United States District Court, S.D. New York
MEMORANDUM OPINION AND ORDER
G. KOELTL UNITED STATES DISTRICT JUDGE.
plaintiff, Commerzbank AG (“Commerzbank”),
allegedly made 74 investments in 50 residential
mortgage-backed securities (“RMBS”) trusts (the
“Trusts”) for which the defendant, Deutsche Bank
National Trust Company (“Deutsche Bank”), served
as trustee. Commerzbank seeks to hold the defendant liable
for the poor performance of Commerzbank's investments in
the Trusts, and has asserted that the defendant (1) violated
the Trust Indenture Act of 1939 (the “TIA”), 15
U.S.C. § 77aaa, et seq.; (2) breached the Pooling and
Servicing Agreements (the “PSAs”) and the
indenture agreements (the “Indentures”) governing
the Trusts; (3) breached its fiduciary duty to Commerzbank;
(4) was negligent or grossly negligent; (5) violated New
York's Streit Act, N.Y. Real Prop. Law § 124, et
seq.; and (6) breached the covenant of good faith. The
defendant has moved to dismiss portions of the Amended
Complaint for failure to state a claim pursuant to Rule
12(b)(6) of the Federal Rules of Civil Procedure.
motion to dismiss presents the feeling of déjà
vu. In a related case before this Court, see Phoenix
Light SF Ltd. v. Deutsche Bank Nat'l Trust Co.,
14-cv-10103 (JGK) (S.D.N.Y.) (the “Phoenix Light
Action”), different plaintiffs brought substantially
similar claims against Deutsche Bank that, as described by
Commerzbank, are “rooted in the same basic alleged
facts and legal theories against the same defendant”
and in fact involve nine of the same Trusts. Dkt. 3 (The
Related Case Statement Filed by Commerzbank). The law firms
representing the parties in this action, and in that action,
are the same. On January 22, 2016, this action was stayed
pending the decision on the motion to dismiss portions of the
Second Amended Complaint in the Phoenix Light Action.
See Dkt. 13. In an Opinion and Order dated March 28,
2016 (“Deutsche Bank I”), the motion to
dismiss in the Phoenix Light Action was granted in part and
denied in part. See Phoenix Light SF Ltd. v. Deutsche
Bank Nat'l Trust Co., 172 F.Supp.3d 700 (S.D.N.Y.
2016). Thereafter, Commerzbank filed the Amended Complaint in
reasons explained below, Deutsche Bank's motion to
dismiss the Amended Complaint is granted in part and denied
deciding a motion to dismiss pursuant to Rule 12(b)(6), the
allegations in the complaint are accepted as true, and all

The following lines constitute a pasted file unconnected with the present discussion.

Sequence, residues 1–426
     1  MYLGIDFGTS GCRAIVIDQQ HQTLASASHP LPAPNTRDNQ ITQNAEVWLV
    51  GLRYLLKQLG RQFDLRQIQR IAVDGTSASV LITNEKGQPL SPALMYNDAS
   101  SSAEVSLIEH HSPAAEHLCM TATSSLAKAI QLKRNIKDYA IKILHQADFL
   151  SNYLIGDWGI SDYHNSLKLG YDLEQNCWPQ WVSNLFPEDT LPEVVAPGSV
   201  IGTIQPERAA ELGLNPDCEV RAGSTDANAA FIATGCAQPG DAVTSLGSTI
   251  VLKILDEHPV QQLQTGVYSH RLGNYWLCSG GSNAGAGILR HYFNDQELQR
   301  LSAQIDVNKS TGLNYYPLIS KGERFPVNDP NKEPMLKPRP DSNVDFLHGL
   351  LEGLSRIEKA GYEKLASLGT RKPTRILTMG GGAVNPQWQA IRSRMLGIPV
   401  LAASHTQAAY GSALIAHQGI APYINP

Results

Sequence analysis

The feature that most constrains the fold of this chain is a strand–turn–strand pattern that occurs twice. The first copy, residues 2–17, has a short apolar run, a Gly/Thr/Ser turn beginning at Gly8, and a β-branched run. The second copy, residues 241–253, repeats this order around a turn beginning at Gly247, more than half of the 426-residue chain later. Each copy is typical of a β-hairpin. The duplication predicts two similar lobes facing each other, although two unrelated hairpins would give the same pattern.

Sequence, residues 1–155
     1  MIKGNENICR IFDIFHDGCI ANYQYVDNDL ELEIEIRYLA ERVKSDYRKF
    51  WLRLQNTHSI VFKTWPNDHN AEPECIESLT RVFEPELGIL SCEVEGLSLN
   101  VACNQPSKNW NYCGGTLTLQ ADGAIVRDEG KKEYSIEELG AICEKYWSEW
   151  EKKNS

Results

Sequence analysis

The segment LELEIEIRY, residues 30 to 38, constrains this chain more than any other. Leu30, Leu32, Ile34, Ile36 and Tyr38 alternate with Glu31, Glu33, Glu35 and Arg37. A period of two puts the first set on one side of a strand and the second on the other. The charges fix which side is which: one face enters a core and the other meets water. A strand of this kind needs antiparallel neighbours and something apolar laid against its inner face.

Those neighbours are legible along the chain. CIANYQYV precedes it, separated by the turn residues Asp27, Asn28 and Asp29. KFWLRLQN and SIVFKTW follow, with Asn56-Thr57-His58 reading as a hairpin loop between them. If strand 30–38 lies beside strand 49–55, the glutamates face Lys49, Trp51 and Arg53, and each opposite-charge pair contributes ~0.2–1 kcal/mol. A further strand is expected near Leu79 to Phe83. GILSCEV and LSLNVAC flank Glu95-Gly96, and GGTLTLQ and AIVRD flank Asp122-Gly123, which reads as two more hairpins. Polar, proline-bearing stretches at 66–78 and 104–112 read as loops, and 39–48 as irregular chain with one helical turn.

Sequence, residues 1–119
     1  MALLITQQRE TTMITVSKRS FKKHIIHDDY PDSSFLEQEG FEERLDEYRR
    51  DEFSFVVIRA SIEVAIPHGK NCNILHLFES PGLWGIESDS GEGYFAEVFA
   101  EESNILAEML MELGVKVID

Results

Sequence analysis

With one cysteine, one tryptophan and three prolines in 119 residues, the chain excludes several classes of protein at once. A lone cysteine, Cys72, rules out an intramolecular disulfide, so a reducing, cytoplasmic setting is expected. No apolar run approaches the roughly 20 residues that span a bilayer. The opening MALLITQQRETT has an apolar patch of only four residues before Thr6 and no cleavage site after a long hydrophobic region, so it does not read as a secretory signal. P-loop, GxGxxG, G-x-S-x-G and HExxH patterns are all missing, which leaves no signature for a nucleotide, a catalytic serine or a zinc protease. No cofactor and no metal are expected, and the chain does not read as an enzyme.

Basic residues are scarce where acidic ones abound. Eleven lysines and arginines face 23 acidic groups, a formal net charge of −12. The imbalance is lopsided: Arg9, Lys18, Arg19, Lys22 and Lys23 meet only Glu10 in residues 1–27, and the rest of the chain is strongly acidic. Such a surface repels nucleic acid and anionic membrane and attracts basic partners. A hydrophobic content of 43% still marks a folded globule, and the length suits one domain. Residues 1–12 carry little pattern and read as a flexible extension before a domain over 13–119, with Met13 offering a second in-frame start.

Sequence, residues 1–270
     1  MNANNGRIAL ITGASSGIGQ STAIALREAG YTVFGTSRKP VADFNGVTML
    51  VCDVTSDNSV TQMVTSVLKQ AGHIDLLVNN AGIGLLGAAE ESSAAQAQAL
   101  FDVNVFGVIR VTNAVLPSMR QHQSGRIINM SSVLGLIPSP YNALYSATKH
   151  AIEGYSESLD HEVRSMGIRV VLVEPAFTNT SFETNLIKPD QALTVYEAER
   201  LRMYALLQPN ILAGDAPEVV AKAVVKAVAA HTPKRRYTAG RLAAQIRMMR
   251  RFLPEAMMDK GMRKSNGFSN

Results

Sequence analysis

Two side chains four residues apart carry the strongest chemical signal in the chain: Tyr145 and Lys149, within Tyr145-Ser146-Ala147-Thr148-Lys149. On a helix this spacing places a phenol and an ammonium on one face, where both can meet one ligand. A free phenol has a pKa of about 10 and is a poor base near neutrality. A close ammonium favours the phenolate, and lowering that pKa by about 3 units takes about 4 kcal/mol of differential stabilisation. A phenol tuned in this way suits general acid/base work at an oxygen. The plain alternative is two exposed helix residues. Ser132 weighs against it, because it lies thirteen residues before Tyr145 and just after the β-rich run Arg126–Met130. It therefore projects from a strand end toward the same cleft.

reasonable inferences must be drawn in the plaintiff's
favor. McCarthy v. Dun & Bradstreet Corp., 482
F.3d 184, 191 (2d Cir. 2007). The Court's function on a
motion to dismiss is “not to weigh the evidence that
might be presented at a trial but merely to determine whether
the complaint itself is legally sufficient.”
Goldman v. Belden, 754 F.2d 1059, 1067 (2d Cir.
1985). The Court should not dismiss the complaint if the
plaintiff has stated “enough facts to state a claim to
relief that is plausible on its face.” Bell Atl.
Corp. v. Twombly, 550 U.S. 544, 570 (2007). “A
claim has facial plausibility when the plaintiff pleads
factual content that allows the court to draw the reasonable
inference that the defendant is liable for the misconduct
alleged.” Ashcroft v. Iqbal, 556 U.S. 662, 678
the Court should construe the factual allegations in the
light most favorable to the plaintiff, “the tenet that
a court must accept as true all of the allegations contained
in the complaint is inapplicable to legal conclusions.”
Id. When presented with a motion to dismiss pursuant
to Rule 12(b)(6), the Court may consider documents that are
referenced in the complaint, documents that the plaintiff
relied on in bringing suit and that are either in the
plaintiff's possession or that the plaintiff knew of when
bringing suit, or matters of which judicial notice may be
taken. See Chambers v. Time Warner, Inc., 282 F.3d
147, 153 (2d Cir. 2002); see also Phoenix Light, 172
F.Supp.3d at 704-05.
allegations in the Amended Complaint are accepted as true for
purposes of this motion to dismiss.
allegations in the Amended Complaint are substantially
similar to those in the Second Amended Complaint in the
Phoenix Light Action, as described in Deutsche Bank
I. See Phoenix Light, 172 F.Supp.3d at 705-07;
see also Pl.'s Op. Mem. at 3
(“Commerzbank's Amended Complaint is substantially
the same as the Second Amended Complaint in the [Phoenix
Light Action].”). Familiarity with that decision, the
mechanism by which RMBS trusts are created, and the alleged
misconduct of the third-party sponsors, originators,
depositors, underwriters, and servicers related to the Trusts
(the “Third-Party Entities”) that underlies
Commerzbank's claims, is presumed. See id.;
see also Phoenix Light SF Ltd. v. Bank of N.Y.
Mellon, No. 14-CV-10104 (VEC), 2015 WL 5710645, at *1
(S.D.N.Y. Sept. 29, 2015).
is alleged to be an entity organized under the laws of
Germany. Am. Compl. ¶ 16. The defendant is alleged to be
a national banking organization with its principal place of
business located in California. Am. Compl. ¶ 21.
Commerzbank is the holder, or former holder, of RMBS
certificates (the “Certificates”) issued by the
Trusts, for which the defendant served as trustee pursuant to